Throughout the beautiful melody are lovely minor chords. Toward the end, the jazzy and almost furious part of the melody pops up as you hear the keys rapidly being pounded – faster and faster, louder and louder – until it ends on a powerful minor chord.
“A Lovely Night”
“A Lovely Night” is the first time the listener hears Gosling sing.
A minor caution is that Stone and Gosling are actors, not necessarily singers. Thus their lines, sung very well, may not be the most in-tune thing you’ve ever heard (which applies to other tracks too).
But the piece is sweet, flirty and playful.
And I’m not even a huge fan of romance.
Everything, from the harp to the violins and the glockenspiel and later marimba and saxophone, is so flirtatious.
When the full symphony gets the main melody during the interlude, they raise the piece and build upon the melody.
Now instead of Gosling and Stone’s characters it’s the violins and the brass section who are bantering.
“Herman’s Habit” is a classy, jazzy piece that combines saxophone, trumpet, percussion and bass.
It sounds straight out of a jazz club, and it seemingly has no ties to the other motifs.
Upon a closer listen, though, it seems to be a deconstructed and minor/bluesy version of “Someone in the Crowd.”
Nonetheless, like Gosling’s character Seb would say, “It’s full of conflict and compromise; it’s jazz.”
“City of Stars”
“City of Stars” starts with only repeating piano chords (which remains consistent for the entire piece), a marimba and a glockenspiel.
But this is Gosling’s song, with his lower register and whistling taking center stage.
The cello comes in and accompanies him for a while (a little touch I, as a cellist, appreciated).
It’s sultry and hopeful, but shades of pain remain exposed in the piano’s chord progression.
The entrance of the violins after the short rest sends chills up my spine every time.
“Planetarium” is a whimsical piece, incorporating the full orchestra.
It has a not-from-this-world feeling.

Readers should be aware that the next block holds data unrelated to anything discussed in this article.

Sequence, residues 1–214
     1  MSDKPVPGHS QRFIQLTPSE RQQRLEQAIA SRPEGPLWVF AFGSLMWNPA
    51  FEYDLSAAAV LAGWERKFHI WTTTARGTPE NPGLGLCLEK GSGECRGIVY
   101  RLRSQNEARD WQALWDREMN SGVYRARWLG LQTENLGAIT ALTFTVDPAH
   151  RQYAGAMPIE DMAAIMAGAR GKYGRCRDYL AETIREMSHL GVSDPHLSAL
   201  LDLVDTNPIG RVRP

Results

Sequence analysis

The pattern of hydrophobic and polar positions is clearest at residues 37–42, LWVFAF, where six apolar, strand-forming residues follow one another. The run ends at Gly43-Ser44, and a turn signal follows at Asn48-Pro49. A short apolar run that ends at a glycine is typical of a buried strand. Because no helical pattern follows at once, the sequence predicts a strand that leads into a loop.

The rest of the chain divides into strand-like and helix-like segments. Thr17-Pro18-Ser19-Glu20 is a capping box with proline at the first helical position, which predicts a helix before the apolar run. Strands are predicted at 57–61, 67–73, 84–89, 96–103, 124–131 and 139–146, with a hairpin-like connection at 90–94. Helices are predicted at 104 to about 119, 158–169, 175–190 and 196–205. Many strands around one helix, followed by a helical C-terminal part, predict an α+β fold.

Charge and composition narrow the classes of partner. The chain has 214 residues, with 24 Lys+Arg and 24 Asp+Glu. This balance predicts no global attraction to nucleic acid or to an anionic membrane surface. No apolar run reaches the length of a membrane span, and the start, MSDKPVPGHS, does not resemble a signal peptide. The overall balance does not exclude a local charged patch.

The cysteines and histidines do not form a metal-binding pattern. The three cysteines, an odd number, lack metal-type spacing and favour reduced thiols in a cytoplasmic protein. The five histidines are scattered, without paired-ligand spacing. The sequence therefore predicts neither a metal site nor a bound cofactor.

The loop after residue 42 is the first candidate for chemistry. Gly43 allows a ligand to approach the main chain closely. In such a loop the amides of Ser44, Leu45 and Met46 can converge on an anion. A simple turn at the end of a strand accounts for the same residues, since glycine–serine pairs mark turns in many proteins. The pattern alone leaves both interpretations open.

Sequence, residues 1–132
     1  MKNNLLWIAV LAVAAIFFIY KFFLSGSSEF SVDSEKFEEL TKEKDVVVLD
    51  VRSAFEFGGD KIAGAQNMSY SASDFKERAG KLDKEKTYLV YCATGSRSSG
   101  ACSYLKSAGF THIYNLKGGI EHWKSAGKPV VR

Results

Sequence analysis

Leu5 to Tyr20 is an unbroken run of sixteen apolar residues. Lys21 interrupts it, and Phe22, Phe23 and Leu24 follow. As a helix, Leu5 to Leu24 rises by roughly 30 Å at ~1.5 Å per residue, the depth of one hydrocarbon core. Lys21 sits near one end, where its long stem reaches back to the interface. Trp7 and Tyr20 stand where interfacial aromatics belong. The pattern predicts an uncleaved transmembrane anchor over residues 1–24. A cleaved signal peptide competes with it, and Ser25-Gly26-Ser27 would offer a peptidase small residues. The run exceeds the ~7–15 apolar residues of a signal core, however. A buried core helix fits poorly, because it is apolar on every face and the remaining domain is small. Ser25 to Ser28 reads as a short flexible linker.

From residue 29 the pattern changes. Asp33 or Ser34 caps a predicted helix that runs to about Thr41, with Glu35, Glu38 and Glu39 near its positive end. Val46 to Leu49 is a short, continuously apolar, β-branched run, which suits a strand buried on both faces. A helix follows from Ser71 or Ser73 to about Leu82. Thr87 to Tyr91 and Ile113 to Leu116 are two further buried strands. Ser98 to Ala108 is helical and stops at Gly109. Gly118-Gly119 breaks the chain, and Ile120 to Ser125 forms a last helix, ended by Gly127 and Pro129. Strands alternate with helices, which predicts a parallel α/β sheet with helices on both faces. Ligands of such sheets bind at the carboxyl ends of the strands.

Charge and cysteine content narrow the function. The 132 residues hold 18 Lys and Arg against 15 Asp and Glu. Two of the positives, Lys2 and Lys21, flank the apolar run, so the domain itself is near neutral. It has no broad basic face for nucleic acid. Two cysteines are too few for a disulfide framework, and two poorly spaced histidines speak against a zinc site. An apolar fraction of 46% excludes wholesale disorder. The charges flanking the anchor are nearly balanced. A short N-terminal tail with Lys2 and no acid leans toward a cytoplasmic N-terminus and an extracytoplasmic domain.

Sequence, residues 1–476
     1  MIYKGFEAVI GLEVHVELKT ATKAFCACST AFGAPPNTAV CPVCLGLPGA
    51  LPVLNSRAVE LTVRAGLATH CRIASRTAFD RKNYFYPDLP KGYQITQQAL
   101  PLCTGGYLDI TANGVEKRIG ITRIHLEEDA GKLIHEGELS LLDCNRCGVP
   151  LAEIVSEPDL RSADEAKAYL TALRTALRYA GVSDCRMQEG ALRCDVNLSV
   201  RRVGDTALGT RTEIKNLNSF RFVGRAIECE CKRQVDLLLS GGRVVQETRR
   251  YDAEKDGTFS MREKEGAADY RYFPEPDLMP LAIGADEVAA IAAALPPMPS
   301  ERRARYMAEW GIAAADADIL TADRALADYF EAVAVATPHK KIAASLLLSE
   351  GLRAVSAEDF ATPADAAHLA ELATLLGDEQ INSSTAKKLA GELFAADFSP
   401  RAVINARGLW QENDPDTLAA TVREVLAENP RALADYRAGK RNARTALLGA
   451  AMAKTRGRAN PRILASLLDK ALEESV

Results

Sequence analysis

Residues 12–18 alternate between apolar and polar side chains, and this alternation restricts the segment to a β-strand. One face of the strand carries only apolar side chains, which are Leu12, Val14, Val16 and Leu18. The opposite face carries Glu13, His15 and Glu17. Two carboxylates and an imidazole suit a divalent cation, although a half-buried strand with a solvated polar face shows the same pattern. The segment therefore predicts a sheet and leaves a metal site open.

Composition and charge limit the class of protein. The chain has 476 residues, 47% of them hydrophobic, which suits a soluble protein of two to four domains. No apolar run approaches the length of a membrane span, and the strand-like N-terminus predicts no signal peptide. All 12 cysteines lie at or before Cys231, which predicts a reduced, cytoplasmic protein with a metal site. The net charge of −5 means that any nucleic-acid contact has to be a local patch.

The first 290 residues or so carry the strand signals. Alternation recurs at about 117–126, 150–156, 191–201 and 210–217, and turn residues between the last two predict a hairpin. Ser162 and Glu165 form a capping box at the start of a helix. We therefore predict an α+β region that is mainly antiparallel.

The flute and harp start listeners on their journey, with enchanting scales and playful remarks from the woodwinds and later violins and bassoon.
And the bells and pizzicato add to its mystery.
The most enchanting part comes about three-fourths of the way in with a sudden forte and swelling from the violins.
The orchestra starts to appear to be playing a familiar melody.
Its echo (from, again, the cello section!) is spellbinding, and eventually it loops around to the brass section, which adds a tinge of bitterness.
Dynamically, the song ends with the full orchestra on a beautiful major chord.
“Summer Montage” is just a clever, jazzy reprise of “A Lovely Night.”
It’s light and unapologetically joyous.
The trumpet takes center stage during this piece, backed up by a complete jazz ensemble.
The second version of “City of Stars” features both Gosling and Stone. It’s very light on the orchestra, though.
This song reflects how their relationship has evolved. It isn’t as flirtatious and fun as “A Lovely Night”; it’s deeper.
“Start a Fire,” an original John Legend song, sounds bold, bluesy and R&B. Legend is a talented singer, and it’s refreshing to have a different twist on the soundtrack.
With the synthesizer, rock guitar and backup singers, it feels very unlike anything else on the disk.
It still incorporates some jazzy elements but is mostly a stand-alone piece with no connection to the other tracks.
“Engagement Party” – the all-piano, minor version of “Someone in the Crowd” – is contemplative and soothing.
“Audition” starts with Stone’s spoken monologue. A few of her notes are just herself, without piano accompaniment.